The main difference between plutonic and volcanic rocks is that plutonic rocks form under the surface of Earth, whereas volcanic rocks form upon exposure to air.
There three major types of rocks on Earth, which are categorized depending on the source of rock formation. These are the sedimentary rocks, igneous rocks, and metamorphic rocks. When considering igneous rocks, we can classify them into two groups as plutonic and volcanic rocks, based on their location and source.
Key Areas Covered
1. What are Plutonic Rocks
– Definition, Characteristics, Formation
2. What are Volcanic Rocks
– Definition, Characteristics, Formation
3. What is the Difference Between Plutonic and Volcanic Rocks
– Comparison of Key Differences
Plutonic Rocks, Volcanic Rocks
What are Plutonic Rocks
Plutonic rocks are one of two types of igneous rocks that form under the surface of Earth crust. They are also known as intrusive igneous rocks. These rocks form from magma that solidifies by slowly cooling below the surface of Earth. In general, we can call them “pluton”. Furthermore, we can categorize plutonic rocks into two groups by observing if they are tabular or not. We can also classify them further depending on the shape of the rock.
Tabular plutonic rocks have magma filled in a fracture or another plane that is weak. Non-tabular plutonic rocks are larger than tabular rocks. The formation of a plutonic rock underneath the Earth’s surface requires a very long time (ten to thousands of years or more). This is because magma cools very slowly. It allows individual magma crystals to grow large via coalescing. Therefore, we can observe that plutonic rocks are coarse-grained rocks.
The main way to identify plutonic rocks is observing tightly packed mineral grains that have a medium to large grain size, typically ranging from 1 to 5 mm. These rocks have a phaneritic structure. Moreover, these grains are usually of the same size. We call it an equigranular mixture. In construction fields, these rocks are named as commercial granite. In addition, plutonic rocks are among the most common type of rocks on Earth’s crust.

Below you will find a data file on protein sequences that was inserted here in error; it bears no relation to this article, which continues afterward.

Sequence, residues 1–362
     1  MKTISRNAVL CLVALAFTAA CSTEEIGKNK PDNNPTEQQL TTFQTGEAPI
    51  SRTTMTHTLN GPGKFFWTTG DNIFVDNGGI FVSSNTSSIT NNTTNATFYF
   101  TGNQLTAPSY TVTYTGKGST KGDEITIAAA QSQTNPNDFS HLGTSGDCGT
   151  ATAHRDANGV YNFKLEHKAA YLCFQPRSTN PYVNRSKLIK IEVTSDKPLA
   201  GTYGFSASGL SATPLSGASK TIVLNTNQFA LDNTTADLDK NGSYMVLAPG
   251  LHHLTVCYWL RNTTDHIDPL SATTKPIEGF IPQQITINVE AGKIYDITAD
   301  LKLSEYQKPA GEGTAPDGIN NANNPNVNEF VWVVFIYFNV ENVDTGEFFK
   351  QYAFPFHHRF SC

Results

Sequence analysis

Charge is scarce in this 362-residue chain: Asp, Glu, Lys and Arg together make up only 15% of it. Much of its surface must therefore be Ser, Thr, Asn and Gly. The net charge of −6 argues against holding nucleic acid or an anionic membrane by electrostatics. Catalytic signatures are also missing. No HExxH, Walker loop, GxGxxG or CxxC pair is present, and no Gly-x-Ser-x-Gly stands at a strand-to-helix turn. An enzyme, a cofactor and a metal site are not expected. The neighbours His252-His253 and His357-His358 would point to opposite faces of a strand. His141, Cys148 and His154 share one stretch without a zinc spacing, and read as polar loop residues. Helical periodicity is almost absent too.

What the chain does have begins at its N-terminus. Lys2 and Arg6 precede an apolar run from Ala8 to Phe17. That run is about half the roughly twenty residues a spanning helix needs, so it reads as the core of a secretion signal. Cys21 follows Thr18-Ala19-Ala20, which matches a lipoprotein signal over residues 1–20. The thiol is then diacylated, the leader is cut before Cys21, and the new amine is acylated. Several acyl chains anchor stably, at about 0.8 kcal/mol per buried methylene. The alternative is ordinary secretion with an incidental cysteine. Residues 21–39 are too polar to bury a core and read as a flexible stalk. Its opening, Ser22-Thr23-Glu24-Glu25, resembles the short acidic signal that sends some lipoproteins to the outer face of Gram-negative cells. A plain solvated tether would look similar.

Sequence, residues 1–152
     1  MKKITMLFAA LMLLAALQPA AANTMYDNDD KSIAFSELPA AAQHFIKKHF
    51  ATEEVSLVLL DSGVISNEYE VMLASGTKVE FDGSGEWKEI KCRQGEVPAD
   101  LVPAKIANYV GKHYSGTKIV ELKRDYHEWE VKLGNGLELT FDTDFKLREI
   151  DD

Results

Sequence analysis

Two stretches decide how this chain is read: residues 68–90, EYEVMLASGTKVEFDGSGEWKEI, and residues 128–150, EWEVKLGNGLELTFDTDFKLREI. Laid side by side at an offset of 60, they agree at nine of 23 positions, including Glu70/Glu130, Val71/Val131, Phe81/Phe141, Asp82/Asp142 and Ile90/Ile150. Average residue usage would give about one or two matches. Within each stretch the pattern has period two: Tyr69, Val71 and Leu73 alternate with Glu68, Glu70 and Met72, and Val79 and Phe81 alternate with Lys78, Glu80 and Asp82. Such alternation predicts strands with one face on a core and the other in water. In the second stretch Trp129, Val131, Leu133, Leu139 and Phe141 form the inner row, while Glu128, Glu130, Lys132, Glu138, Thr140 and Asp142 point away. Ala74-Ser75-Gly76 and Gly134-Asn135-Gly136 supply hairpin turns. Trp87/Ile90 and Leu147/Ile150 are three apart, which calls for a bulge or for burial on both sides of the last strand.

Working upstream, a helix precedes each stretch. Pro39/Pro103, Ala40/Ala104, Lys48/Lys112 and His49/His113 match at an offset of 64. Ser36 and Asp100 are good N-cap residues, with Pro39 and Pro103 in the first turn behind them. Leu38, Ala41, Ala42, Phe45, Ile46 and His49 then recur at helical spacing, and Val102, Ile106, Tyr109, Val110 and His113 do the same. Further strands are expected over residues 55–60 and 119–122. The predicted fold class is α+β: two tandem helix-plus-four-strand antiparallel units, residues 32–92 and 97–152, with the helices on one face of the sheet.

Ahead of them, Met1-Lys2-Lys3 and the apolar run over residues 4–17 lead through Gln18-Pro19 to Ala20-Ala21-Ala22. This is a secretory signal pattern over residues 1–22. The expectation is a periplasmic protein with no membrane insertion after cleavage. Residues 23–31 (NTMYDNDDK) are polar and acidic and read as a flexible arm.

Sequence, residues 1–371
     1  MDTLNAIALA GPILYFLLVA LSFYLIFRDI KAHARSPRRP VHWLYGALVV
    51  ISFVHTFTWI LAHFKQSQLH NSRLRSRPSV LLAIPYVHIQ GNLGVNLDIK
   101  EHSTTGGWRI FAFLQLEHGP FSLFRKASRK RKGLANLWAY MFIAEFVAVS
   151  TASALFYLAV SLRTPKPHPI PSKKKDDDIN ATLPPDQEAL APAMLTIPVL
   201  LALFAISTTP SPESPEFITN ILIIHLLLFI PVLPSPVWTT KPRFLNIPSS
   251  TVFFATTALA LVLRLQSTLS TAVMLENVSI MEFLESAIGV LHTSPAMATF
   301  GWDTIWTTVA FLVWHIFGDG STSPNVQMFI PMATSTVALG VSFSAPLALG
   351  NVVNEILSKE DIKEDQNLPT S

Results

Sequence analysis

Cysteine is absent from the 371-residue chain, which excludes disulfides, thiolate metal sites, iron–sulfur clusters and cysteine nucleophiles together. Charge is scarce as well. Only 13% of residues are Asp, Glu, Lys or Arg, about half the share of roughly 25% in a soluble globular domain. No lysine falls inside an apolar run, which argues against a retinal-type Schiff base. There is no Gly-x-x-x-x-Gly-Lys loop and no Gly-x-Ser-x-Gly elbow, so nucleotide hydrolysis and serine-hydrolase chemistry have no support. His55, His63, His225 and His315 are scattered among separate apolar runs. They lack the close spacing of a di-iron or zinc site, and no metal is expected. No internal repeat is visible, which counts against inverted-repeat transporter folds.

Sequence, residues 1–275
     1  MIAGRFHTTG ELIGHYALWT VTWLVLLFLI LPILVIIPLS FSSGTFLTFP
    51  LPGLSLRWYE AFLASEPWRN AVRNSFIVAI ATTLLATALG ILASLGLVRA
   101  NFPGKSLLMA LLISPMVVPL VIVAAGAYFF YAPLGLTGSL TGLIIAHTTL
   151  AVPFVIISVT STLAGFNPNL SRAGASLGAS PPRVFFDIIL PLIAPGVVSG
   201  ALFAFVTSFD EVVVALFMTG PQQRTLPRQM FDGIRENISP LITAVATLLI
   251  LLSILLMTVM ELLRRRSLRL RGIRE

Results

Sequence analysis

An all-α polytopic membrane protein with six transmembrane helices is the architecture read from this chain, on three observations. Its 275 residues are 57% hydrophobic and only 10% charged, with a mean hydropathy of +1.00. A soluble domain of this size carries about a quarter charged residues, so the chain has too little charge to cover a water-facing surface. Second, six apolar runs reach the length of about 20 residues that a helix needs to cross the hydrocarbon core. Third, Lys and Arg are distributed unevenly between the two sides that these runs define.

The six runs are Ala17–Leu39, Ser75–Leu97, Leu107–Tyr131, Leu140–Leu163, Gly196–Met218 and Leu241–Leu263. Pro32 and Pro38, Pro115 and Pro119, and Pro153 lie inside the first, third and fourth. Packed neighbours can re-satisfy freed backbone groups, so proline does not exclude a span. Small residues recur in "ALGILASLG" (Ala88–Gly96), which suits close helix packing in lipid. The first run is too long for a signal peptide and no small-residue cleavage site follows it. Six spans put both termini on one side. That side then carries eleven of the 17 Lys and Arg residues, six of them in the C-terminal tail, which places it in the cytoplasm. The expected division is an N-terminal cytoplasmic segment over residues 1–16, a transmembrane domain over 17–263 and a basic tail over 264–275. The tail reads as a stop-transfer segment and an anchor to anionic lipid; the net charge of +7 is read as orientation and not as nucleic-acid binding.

What are Volcanic Rocks
Volcanic rocks are a type of igneous rocks that form upon exposure to air. These rocks form from lava erupted from volcanoes. Therefore, it has a volcanic origin. Volcanic rocks are among the most common rock types on Earth’s crust. Particularly, these rocks occur in oceans. On the ground, these rocks are common in plate boundaries. According to different estimations, there are about 8% volcanic rocks covering the Earth’s land surface.
Settling of lava, tephra, volcanic bomb, lapilli, and volcanic ash cause the formation of volcanic rocks. Generally, volcanic rocks are fine-grained structures. Often, these rocks contain clasts or other rocks. Moreover, these rocks have a vesicular texture caused by voids left when volatile components trapped in molten lava leaves at the step of solidification.
Most volcanic rock types contain different minerals, such as silica (SiO2). In fact, more evolved volcanic rocks contain a high mineral content. We can identify a volcanic rock depending on the chemical composition and texture. For example, basalt is a common volcanic rock type with a low silica content, while rhyolite is a volcanic rock with high silica content. Another type of volcanic rocks is pyroclastic rocks, which forms from explosive volcanism.
Difference Between Plutonic and Volcanic Rocks
Plutonic rocks are a type of igneous rocks that form under the surface of Earth crust, while volcanic rocks are a type of igneous rocks that form upon exposure to air.
Plutonic rocks form underneath the Earth crust while volcanic rocks form above ground.
While plutonic rocks have a low mineral content, volcanic rocks have a high mineral content.
Moreover, plutonic rocks have medium to large grains while volcanic rocks have fine grains.
Plutonic rocks solidify due to slow cooling underneath the Earth while volcanic rocks solidify due to exposure to air.
We can classify igneous rocks into two groups as plutonic and volcanic rocks, based on their source and location. The main difference between plutonic and volcanic rocks is that plutonic rocks form under the surface of Earth, whereas volcanic rocks form upon exposure to air.
1. Alden, Andrew. “All About Plutonic Rocks.” ThoughtCo, Feb. 11, 2020, Available here.
2. “Plutonic Rock.” Plutonic Rock – an Overview | ScienceDirect Topics, Available here.
3. “Volcanic Rock.” Wikipedia, Wikimedia Foundation, 18 Mar. 2020, Available here.